A Town in Scotland

Jim Gallagher | @ProfJimG

There’s a town in Scotland that most of us prefer to ignore.  It’s bigger than Ayr or Inverness and contains nothing but poor people, most of whom don’t have jobs. The adults’ health is terrible: they live short lives – in the last couple of years, nearly one in twenty of them has died. Tens of thousands of children live there too, and every stage of their lives, from conception to adulthood, is damaged as a result.

So what do we do about this place?  You and I probably do our best to avoid it.  If we come close, as we might, we look the other way or move on briskly.  The government spends a lot of public money on it, much wasted.  

Most of the inhabitants have probably been in jail. Certainly, on any one day, maybe one in ten of them might be locked up, some just for living there, but more because of the crimes that result from that.  That doesn’t come cheap, and nor does the demand the town places on its doctors, hospitals, children’s services and so on. In recent years, the Scottish government has been trying to save money by cutting back on the special funds set aside for this community, but that’s just made things worse.

The most astonishing thing is that the government gives over one-third of these folk a powerful drug every day for many months and years. Supposedly, it’s to help them move out, but most just stay and keep taking the government drug every day.  They want to leave, but can’t.

Of course you’ve spotted this isn’t a geographical community.   It’s a description of the people in Scotland whose lives are dominated by drugs.  As a nation, we have the worst problem not just in Britain or the UK, but in Europe. For the last ten years or more, Scotland has disgracefully neglected its drug problem, cutting back on resources and ignoring the  tripllng of deaths.   Political attention, it seems, was elsewhere.

Now, at last, the Scottish politics is focusing on the issue. Too often in the recent past, the political-media caravan has moved on after a few ritual expressions of concern. This year, however, campaigners believe something different is in the air, with both the Scottish government and parliament promising to act. Here are three things they ought to do when they get back from holiday.

  • First, the immediate cause of most drug deaths is overdose, often of multiple drugs. Many of these can be prevented. A drug called naxolone can save users’ lives at the critical time. It is being rolled out now, but needs to be much more widely accessible in these emergencies, possibly in safe spaces for drug users, where the risks can be reduced and lives saved. This is already beginning. If people are going to use drugs, better to do so in a relatively safe space than up a dirty close. Scottish prosecution policy can make clear that users and others will not be prosecuted in these safe spaces. No permission from London is needed. Lives will be saved.
  • Second, drug treatment can work and help users get their lives onto an even keel; many can get off drugs completely. But it is very expensive, and long term.  A few weeks rehab simply does not work; addiction can be a lifelong problem, but it can be overcome. Penny pinching on treatment services is a false economy for the government, and a failure of the most vulnerable.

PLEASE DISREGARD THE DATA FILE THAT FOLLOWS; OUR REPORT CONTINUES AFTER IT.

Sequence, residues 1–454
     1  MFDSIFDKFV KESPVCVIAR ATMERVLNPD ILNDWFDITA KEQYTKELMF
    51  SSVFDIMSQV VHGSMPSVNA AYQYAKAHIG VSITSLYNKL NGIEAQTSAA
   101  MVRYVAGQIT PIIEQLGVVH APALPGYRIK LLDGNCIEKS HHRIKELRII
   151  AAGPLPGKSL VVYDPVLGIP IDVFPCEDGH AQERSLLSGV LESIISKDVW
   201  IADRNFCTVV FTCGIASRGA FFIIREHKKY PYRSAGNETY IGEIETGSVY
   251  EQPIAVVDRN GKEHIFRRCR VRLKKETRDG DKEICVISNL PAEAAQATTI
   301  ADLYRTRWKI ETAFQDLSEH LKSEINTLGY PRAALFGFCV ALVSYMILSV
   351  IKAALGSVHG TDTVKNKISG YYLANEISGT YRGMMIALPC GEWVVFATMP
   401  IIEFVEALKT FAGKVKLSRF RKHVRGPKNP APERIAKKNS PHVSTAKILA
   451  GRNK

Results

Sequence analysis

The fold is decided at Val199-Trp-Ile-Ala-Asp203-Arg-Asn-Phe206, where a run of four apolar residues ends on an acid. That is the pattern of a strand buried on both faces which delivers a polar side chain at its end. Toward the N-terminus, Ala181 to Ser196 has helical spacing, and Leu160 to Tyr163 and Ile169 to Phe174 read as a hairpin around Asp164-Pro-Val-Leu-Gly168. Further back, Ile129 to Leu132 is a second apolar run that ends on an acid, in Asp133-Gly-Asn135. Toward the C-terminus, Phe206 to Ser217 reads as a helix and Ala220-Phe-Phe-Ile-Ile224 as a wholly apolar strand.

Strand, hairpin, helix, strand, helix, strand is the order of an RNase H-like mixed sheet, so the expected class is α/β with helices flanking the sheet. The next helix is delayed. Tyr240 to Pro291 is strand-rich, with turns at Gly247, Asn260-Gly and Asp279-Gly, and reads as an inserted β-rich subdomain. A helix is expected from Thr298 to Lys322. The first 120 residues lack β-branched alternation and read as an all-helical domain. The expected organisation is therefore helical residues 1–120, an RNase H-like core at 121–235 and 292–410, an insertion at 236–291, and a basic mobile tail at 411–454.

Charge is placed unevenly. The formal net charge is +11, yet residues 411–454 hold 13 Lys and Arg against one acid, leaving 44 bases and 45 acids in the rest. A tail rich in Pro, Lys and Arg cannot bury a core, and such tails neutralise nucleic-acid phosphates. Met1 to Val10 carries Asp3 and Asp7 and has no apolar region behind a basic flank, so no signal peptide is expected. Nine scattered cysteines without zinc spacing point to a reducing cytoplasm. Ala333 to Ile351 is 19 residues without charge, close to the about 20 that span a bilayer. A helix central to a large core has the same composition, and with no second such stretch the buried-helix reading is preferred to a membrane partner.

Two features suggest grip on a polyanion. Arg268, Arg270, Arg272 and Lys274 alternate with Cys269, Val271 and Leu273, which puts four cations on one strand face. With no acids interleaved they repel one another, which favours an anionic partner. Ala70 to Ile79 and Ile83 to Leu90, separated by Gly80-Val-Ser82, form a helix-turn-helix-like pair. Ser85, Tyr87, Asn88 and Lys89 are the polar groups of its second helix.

• Third, we need a new plan for Methadone, and the 20,000+ people prescribed it daily. It is unrealistic to think of simply cutting off methadone maintenance, reversing the policy of decades. But nor is it right that the government answer to problematic opiate addiction is indefinite state sponsored opiates. Scotland needs some new thinking and perhaps some experiments here.

Of course there are bigger questions here about drug laws, but in the present crisis they are largely irrelevant. The Home Office has control over issues like heroin prescribing, but the problem isn’t caused by the Home Office – otherwise Scottish deaths would not be three times England’s.  Arguing about what Priti Patel will or won’t do is a distraction that suits constitutional obsessives but helps no one. Similarly, seeing the drugs issue as a crime problem rather than a public-health one is unhelpful, but again Scotland is no different from most the rest of the world in that.

One interesting idea is of a legal right to rehabilitation.  It may not be entirely straightforward. But imagine that Scotland’s 60,000 problem drug users, and the tens of thousands of children and family members affected, really did make up one big Scottish town that we could see, and that would have MPs and MSPs. Maybe we wouldn’t ignore them so readily then, so perhaps giving them some legal power to secure the help they need to move out isn’t such a bad idea. 

Professor Jim Gallagher is a Visiting Professor at University of Glasgow, Honorary Professor at St Andrews University and an Associate Member of Nuffield College, Oxford.

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